So went the declaration of one mayor of pre-cityhood San Fernando at the time the pre-flyover Dolores Junction of MacArthur Highway and Gapan-Olongapo Road was starting to be a traffic chokepoint.
That same traffic-equals-progress sentiment was shared by one mayor in perennially traffic-choked Apalit who, when his vice mayor recommended a traffic enhancement scheme, pointed to nearby San Simon as a no-traffic-no-progress backwater town.
Only sometime back, when the mayor of Sta. Ana town was assailed by motorists and commuters alike over the horrendous traffic in his town, he riposted that traffic kept his constituents from hunger and want. Yeah, that directly translates to traffic feeding his people, traffic being their very source of livelihood.
Some warped sense of looking at things there.
It is not traffic but wide, traffic-free roads that are “an igniter for progress.” So we remember one business character being quoted as rationalizing the wholesale massacre of trees along the MacArthur Highway dutifully sanctioned by the Department of the Environment and Natural Resources, aggressively executed by the Department of Public Works and Highways, and heartily applauded by the public-private partnership of the City of San Fernando and the Pampanga Chamber of Commerce and Industry.
So the trees were felled, the roads widened. So has progress been ignited?
Yes, to alert level 4, to use the conflagration analogy. Witness the proliferation of vulcanizing shops, tricycle and jeepney terminals situating themselves right at the widened portion of MacArthur Highway from Malolos down to Apalit; the eateries, sign-makers, furniture shops, even ukay-ukay stores abutting on the outermost lanes of the highway.
So has traffic been improved?
Not in Apalit, Calumpit and Malolos, at least.
To some extent at the Sindalan and Del Rosario crossings of MacArthur Highway in the City of San Fernando. The traffic mess there – as elsewhere primarily caused by undisciplined and illiterately arrogant, law-flouting jeepney drivers who run red lights at the outer lanes, stop to pick-up passengers in the middle lane and hog the inner lane, plus tricycles and trucks utterly devoid of road courtesy and totally ignorant of traffic laws.
Traffic does indeed hinder progress.
It does not have to take a Mayor Edgardo Pamintuan just for us to know that.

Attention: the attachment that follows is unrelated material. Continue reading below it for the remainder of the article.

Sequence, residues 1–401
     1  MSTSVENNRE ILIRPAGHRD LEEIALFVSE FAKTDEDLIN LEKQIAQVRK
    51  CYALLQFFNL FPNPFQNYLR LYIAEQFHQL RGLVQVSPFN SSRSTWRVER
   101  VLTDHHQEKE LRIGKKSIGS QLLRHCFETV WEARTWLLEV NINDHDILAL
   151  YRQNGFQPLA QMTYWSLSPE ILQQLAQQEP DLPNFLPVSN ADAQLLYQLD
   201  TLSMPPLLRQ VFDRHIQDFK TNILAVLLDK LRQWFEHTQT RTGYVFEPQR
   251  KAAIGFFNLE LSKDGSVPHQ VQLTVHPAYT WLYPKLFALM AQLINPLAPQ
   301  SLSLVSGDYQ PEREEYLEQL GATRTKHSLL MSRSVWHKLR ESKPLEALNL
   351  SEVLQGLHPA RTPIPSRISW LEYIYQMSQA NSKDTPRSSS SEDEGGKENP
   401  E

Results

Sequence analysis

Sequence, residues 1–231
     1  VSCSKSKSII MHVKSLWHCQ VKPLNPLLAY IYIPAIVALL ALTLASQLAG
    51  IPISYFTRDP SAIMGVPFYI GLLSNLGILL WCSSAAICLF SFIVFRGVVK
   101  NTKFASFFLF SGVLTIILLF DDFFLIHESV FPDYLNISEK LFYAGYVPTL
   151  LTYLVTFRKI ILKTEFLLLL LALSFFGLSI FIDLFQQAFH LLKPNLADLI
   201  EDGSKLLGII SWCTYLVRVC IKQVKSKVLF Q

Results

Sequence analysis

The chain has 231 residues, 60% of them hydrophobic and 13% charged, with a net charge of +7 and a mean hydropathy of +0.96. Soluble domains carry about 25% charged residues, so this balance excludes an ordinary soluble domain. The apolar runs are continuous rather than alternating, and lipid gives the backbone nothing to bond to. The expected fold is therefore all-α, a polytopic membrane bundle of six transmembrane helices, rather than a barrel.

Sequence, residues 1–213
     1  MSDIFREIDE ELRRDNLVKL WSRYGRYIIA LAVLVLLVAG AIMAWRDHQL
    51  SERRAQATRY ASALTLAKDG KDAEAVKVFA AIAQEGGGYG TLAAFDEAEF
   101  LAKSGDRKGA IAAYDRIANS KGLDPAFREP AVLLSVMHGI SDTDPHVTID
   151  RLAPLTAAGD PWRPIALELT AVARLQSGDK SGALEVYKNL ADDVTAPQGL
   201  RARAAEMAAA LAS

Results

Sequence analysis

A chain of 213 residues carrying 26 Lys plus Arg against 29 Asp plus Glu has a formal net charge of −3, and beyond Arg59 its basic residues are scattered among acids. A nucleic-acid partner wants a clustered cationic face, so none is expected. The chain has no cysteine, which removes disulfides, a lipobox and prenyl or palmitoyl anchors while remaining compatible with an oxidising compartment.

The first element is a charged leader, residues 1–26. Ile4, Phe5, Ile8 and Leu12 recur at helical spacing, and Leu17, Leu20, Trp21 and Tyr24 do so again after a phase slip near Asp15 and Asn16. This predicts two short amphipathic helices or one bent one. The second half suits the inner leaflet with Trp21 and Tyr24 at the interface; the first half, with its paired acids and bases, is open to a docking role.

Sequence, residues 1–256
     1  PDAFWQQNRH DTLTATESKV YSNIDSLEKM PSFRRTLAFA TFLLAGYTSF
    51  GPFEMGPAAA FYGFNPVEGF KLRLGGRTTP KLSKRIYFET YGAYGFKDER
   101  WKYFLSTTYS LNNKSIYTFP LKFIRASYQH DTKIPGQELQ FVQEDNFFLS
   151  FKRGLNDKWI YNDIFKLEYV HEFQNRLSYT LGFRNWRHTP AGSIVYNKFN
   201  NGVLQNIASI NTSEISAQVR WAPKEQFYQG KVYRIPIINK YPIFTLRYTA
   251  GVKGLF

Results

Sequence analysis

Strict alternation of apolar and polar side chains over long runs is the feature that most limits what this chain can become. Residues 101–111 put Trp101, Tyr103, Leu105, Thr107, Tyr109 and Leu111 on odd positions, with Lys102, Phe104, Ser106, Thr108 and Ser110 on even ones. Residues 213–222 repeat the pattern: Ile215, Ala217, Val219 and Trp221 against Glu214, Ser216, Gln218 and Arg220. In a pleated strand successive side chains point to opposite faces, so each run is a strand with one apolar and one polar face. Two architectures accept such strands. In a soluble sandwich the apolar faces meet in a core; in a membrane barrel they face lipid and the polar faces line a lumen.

“The traffic problem in Angeles City hinders the growth of the local economy, particularly the improvement of the business climate and development of tourism potential.” So premised Pamintuan his call for a traffic summit held last week participated in by the different stakeholders in the traffic and transportation sectors, acronymed thus: TODAs for the tricycle operators and drivers associations, JODAs for their jeepney counterparts, the TTMOs or traffic and transport management officers, NGOs and advocacy groups, the MACCCI representing the business sector, etcetera.
The sheer volume of participants and their active participation in the discussions as well as the proposals presented and solicited brought about an air of optimism, a can-do spirit to the summit.
“We are optimistic that the summit will serve as an effective starting point to improve the city’s traffic and transport system with the city government, in the spirit of enlightened and responsible governance, joining forces with all the stakeholders.” So Pamintuan holds.
Pamintuan’s Agyu Tamu candor is well-placed. Even prior to the summit, a series of consultative meetings and workshops have been conducted by the city government with stakeholders with the intent of drawing “focal areas” for the Angeles City Traffic and Transport Action Plan and the formulation of an Omnibus City Traffic Code.
Yes, and good to hear some city hall sources that no cutting of trees along MacArthur Highway and the city streets is incorporated in the plans. As yet. We pray not ever.
Pamintuan himself was emphatic in a recent meeting: Road courtesy and discipline are foremost in improving traffic flow. Where these are lacking, strict implementation of traffic rules comes in force.
We wish you success, Sir.